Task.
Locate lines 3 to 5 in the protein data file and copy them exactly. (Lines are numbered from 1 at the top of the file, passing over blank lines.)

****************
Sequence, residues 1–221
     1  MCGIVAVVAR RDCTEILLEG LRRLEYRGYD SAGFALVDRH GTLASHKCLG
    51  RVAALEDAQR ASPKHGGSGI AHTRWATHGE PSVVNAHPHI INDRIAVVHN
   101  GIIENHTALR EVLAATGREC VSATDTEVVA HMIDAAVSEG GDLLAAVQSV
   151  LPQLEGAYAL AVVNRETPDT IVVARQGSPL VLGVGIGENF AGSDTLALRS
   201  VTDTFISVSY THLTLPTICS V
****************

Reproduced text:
    51  RVAALEDAQR ASPKHGGSGI AHTRWATHGE PSVVNAHPHI INDRIAVVHN
   101  GIIENHTALR EVLAATGREC VSATDTEVVA HMIDAAVSEG GDLLAAVQSV
   151  LPQLEGAYAL AVVNRETPDT IVVARQGSPL VLGVGIGENF AGSDTLALRS